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Nigerian Should Be Optimistic, Says American Don

An American don, Professor Danny McCain, has urged Nigerians to be optimistic about the outcome of the general election which comes up on March 28 and April 11, 2015.

McCain, who is currently a Lecturer at the Department of Religion & Philosophy, University of Jos, Plateau State, gave the charge during a lecture in Ilorin, the Kwara State capital, organised by Centre for Peace and Strategic Studies (CPSS), University of Ilorin, in conjunction with the Society for Peace Studies and Practice (SPSP).

The lecture which was hosted by the CPSS Director, Dr. Mahfouz A. Adedimeji, of the Department of English of the university, attracted distinguished world political analysts around the world to the institution. It was titled “Towards Peaceful Election in 2015: The Roles of Stakeholders in Nigeria”.

In his lecture, Professor McCain asserted that “Peace and safety in society are often sacrificed on the altar of political rigidity, personal arrogance and unbridled greed.”

He pointed that “Nigeria faces many daunting problems at this time, adding that “politicians cannot solve all of these problems instantly but through democratically electing, supporting and holding accountable honourable politicians is the starting place.”

“Democracy is sometimes ugly, Nigerians however should be optimistic. The ultimate expression and illustration at this point is democracy because it gives every individual the opportunity to offer counsel to government”, he said.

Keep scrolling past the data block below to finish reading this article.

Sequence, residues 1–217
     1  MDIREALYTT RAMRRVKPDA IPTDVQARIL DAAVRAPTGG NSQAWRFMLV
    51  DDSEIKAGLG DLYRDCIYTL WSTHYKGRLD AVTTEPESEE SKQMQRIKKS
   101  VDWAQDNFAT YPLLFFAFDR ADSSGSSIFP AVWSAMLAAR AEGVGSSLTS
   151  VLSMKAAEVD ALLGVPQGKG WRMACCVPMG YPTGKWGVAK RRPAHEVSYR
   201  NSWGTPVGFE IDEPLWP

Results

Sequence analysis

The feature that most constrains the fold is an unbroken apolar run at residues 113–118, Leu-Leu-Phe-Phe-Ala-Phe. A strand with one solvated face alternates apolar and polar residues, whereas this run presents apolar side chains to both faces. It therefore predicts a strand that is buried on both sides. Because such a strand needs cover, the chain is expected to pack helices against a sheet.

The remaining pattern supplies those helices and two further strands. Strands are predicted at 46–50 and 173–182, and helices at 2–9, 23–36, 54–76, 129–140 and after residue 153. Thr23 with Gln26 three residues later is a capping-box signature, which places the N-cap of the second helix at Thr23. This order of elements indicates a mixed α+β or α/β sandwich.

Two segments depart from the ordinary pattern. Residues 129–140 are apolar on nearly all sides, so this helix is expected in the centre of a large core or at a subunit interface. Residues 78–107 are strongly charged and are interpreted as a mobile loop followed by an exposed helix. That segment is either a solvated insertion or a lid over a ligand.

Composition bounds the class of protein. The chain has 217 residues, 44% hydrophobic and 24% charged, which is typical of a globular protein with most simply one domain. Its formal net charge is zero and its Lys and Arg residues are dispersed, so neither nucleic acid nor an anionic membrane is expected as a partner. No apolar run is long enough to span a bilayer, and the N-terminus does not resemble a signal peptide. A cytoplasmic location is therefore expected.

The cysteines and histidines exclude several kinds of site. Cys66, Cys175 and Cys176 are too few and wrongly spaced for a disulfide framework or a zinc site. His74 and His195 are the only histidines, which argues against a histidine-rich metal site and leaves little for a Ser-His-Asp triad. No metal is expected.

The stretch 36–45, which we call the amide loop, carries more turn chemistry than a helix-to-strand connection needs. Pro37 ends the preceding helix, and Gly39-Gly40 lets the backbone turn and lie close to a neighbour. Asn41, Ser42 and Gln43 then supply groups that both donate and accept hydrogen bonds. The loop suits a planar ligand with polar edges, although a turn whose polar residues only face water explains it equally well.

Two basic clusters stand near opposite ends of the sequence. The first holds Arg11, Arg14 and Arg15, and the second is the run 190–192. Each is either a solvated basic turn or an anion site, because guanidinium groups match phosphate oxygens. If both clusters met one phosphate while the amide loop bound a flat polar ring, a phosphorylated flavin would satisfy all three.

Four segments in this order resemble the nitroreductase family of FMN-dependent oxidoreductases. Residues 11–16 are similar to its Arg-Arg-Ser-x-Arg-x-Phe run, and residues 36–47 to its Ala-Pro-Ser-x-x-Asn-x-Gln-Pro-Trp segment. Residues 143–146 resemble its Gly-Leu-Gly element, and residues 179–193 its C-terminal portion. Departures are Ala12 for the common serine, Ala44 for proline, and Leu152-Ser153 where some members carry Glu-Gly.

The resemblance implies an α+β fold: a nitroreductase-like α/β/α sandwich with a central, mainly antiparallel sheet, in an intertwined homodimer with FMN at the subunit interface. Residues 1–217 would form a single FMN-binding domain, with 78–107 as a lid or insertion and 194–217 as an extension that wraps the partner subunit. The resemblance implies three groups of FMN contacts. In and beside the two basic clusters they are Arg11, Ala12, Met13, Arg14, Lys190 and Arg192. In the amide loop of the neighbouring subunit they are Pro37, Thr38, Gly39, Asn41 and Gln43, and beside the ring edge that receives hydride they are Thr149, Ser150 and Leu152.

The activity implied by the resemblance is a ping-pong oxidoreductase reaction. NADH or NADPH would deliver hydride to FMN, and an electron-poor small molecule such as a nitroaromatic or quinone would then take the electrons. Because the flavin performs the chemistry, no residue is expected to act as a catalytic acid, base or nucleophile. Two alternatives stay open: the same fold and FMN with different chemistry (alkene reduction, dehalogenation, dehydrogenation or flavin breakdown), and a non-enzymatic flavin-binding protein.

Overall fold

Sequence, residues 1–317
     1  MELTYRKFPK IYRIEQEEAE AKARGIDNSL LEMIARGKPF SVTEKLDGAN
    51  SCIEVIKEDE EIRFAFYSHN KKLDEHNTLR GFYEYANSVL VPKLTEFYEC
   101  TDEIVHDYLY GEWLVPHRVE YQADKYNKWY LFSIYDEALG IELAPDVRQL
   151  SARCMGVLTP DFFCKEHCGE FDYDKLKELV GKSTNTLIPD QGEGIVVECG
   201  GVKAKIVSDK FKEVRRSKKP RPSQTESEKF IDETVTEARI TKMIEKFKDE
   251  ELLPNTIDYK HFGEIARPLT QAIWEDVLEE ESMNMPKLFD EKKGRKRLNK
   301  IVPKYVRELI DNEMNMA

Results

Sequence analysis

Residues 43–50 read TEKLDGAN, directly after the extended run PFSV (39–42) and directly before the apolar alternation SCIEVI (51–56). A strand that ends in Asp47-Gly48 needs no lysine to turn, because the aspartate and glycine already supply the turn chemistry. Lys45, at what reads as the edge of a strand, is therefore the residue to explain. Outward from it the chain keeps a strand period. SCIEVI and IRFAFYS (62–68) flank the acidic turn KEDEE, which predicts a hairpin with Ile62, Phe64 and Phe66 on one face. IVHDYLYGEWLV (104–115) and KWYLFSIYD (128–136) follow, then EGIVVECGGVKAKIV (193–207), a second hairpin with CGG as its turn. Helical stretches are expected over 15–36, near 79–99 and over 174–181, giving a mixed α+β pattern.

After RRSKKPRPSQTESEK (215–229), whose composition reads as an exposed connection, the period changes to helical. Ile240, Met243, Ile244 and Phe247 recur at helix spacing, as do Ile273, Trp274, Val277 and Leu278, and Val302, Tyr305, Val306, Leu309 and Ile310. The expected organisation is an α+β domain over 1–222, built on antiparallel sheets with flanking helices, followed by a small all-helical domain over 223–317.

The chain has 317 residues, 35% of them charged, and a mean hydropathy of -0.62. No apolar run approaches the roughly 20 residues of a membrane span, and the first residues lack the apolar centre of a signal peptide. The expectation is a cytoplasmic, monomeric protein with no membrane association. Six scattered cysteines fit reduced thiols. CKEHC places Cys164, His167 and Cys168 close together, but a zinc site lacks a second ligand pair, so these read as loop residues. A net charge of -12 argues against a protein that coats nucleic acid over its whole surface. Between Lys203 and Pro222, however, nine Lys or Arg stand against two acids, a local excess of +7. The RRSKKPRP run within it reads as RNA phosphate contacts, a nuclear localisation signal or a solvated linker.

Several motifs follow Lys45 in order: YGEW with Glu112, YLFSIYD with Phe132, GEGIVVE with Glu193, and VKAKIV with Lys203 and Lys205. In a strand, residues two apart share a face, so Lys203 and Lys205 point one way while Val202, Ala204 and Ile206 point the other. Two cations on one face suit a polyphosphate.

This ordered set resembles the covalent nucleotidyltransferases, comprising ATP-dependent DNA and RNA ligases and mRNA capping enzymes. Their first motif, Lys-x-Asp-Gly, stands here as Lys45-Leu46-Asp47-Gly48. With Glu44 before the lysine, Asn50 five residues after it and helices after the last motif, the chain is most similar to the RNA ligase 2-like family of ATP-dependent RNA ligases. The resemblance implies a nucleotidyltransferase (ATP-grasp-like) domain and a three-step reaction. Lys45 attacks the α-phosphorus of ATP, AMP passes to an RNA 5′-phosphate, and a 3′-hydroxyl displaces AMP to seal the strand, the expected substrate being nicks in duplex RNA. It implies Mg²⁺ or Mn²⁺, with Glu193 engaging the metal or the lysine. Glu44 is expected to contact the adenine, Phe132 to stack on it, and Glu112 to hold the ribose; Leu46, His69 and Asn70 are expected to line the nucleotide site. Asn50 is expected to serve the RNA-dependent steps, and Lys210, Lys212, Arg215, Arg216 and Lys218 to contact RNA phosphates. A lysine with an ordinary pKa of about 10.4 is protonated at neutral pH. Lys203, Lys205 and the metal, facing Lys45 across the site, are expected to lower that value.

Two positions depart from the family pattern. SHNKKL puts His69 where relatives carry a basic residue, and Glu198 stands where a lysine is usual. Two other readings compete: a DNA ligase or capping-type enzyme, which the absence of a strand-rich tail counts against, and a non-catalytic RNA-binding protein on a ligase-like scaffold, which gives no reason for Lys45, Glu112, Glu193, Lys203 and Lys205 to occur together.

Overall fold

He emphasized the place of the electorate in elections, saying; “the people are the biggest and most important stakeholder in every country, which include: (the registered voters, unregistered voters, and the non-eligible voters). He further opined that “Not every form of democracy has to be exactly alike, an election does not have to be perfect to be successful. The more transparent the political process, the less likelihood of corruption and violence because, every vote is important.”

McCain however tasked Nigerians to “follow the example of late President Umar Musa Yar’Adua, who during his presidential campaign, chose to focus on his own experience and commitments and not on the negative shortcomings of his political opponents.”

 

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